Assembly Speaker Carl Heastie in a Capital Tonight interview on Friday defended the decision to suspend an impeachment investigation of Gov. Andrew Cuomo, pointing to the constitutional concerns that have been raised in recent days as well as the separate investigations by law enforcement.
Heastie, meanwhile, insisted no deal had been cut with Cuomo, who resigns Aug. 24 amid a sexual harassment scandal, to hit the pause button on the investigation.
"There was no deal," Heastie said. "I've said that 150 times and I'll make that the 151st time."
Heastie also knocked Republicans for criticizing the move announced earlier on Friday, calling it hypocritical given the allegations against figures like Rep. Tom Reed and former President Donald Trump. Reed, once considered a potential candidate for governor, is not seeking re-election after he was accused of sexual harassment and inappropriate behavior.
"They've never called out Donald Trump. As a matter of fact, their members who have never called on Tom Reed, Congressman Tom Reed," he said. "So, I think the Republicans are being a little hypocritical for trying to accuse me — the first Democratic Assembly speaker to call for the impeachment inquiry of a governor of my own party."
He added, "I don't know how I can be accused of that if this committee uncovered evidence on the book and the nursing homes."
The Assembly began its impeachment inquiry earlier this year, drawing in a range of controversies that have dogged the governor for much of 2020, including the harassment allegations, the reporting of nursing home fatality data and the use of government resources to help him write a book about the pandemic that led to a $5.1 million contract.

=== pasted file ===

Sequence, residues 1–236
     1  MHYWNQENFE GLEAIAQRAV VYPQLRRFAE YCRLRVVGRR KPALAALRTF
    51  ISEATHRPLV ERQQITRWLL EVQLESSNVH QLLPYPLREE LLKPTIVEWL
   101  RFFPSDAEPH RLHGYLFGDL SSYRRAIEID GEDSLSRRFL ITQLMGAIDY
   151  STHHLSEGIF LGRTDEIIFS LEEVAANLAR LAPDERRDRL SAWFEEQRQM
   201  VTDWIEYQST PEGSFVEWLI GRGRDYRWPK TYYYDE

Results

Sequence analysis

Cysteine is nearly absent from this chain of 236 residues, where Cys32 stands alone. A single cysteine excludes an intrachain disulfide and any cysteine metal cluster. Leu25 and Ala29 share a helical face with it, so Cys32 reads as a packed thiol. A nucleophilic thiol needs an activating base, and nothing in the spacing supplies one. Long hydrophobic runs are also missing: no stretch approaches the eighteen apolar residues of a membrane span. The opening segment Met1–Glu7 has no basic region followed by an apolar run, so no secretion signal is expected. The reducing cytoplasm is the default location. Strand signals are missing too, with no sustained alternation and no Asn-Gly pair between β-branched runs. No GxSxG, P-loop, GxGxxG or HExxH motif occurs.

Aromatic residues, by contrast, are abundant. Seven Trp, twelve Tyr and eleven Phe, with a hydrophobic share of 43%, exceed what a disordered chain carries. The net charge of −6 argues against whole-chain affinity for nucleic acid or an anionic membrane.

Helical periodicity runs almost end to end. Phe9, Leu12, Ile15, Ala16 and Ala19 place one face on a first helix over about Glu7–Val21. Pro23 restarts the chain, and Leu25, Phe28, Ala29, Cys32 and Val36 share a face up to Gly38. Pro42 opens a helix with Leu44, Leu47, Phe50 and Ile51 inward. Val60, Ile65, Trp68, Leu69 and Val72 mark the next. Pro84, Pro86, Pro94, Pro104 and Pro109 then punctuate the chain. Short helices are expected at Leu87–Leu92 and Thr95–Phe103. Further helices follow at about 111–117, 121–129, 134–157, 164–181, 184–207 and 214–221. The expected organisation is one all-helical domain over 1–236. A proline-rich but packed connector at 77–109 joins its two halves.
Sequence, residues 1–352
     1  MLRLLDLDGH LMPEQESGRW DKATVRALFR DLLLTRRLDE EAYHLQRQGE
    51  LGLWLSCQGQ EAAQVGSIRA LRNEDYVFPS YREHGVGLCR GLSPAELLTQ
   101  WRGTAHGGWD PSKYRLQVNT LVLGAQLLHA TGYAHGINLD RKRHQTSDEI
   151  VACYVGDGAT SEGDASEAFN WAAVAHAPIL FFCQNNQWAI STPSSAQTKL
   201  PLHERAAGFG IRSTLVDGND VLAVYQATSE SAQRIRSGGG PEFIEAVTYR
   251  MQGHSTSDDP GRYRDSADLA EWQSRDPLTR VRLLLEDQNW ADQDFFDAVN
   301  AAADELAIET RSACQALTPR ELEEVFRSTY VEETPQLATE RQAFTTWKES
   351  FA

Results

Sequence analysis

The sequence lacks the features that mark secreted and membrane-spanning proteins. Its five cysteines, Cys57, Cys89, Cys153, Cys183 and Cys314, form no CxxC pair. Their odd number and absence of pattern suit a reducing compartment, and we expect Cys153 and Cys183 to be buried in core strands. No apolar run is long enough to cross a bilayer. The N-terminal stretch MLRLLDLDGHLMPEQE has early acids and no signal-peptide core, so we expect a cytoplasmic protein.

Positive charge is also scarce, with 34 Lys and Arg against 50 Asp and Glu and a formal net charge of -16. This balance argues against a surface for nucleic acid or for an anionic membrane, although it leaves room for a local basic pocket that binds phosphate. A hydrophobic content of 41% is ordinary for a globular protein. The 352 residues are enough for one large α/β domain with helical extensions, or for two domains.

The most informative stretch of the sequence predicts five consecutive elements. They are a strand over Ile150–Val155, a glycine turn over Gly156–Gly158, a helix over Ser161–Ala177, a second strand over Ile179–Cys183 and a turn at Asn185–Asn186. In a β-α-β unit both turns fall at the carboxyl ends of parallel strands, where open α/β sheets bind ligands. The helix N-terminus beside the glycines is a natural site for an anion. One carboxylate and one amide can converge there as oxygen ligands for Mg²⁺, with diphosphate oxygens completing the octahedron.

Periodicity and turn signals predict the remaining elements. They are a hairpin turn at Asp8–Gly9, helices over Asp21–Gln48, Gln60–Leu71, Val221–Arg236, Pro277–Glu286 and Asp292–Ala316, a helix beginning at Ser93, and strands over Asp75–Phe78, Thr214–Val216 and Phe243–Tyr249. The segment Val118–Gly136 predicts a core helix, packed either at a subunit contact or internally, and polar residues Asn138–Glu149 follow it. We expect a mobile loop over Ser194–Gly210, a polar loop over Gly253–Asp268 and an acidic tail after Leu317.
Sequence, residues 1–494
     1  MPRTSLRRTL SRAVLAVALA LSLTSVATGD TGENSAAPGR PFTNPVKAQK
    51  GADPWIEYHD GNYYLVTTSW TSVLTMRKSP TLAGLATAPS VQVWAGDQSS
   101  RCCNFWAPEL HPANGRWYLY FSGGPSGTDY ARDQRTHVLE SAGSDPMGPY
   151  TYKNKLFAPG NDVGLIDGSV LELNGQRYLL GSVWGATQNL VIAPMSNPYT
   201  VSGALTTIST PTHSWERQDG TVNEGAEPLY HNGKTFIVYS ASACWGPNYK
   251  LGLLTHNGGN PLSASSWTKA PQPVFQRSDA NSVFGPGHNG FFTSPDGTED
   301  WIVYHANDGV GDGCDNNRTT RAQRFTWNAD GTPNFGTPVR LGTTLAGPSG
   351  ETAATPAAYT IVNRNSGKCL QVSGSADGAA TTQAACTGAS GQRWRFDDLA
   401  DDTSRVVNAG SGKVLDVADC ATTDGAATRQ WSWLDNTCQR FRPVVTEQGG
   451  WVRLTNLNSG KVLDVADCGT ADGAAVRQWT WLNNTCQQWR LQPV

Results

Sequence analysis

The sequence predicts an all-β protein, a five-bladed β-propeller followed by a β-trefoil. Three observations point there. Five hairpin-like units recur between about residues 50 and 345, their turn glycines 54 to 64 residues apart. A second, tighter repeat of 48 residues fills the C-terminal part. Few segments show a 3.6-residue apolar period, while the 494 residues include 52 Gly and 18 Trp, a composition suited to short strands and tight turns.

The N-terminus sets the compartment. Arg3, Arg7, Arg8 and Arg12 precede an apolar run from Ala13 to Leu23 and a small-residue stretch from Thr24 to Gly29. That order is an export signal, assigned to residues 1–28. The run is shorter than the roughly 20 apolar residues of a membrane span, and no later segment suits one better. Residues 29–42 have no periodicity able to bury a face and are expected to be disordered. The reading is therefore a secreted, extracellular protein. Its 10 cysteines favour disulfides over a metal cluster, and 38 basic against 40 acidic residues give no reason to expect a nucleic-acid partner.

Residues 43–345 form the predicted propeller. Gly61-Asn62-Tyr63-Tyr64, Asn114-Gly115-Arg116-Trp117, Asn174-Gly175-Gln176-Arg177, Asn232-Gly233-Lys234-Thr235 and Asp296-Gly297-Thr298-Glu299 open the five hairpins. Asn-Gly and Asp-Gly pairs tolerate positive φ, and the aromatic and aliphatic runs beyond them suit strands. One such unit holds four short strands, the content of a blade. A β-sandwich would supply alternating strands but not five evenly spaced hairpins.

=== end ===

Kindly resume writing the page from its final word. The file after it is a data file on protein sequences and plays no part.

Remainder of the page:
Heastie pointed to the criminal probes that are already underway, including a federal investigation over the nursing home data as well as one being conducted by the Albany County Sheriff's Office over an allegation Cuomo inappropriately touched a woman at the Executive Mansion.
"The concern behind that is if you're in the middle of an investigation and other law enforcement is in the middle of this, I don't want to step on their toes while there are criminal investigations that are ongoing," Heastie said.
The work generated by the Assembly Judiciary Committee is set to be forwarded to law enforcement. But issuing a report, without impeaching Cuomo, would have interfered with ongoing investigations.
Heastie reiterated "credible evidence that could have led to articles of impeachment" were found.
But impeaching Cuomo, with a trial taking place after he's left office, would have likely been unconstitutional, he said. The constitutional concern is one that's been backed up by independent attorneys who have studied impeachment issues.
"What were we constitutionally able to do?" Heastie said. "We had our lawyers look at that and they confirmed we could not move forward with articles of impeachment."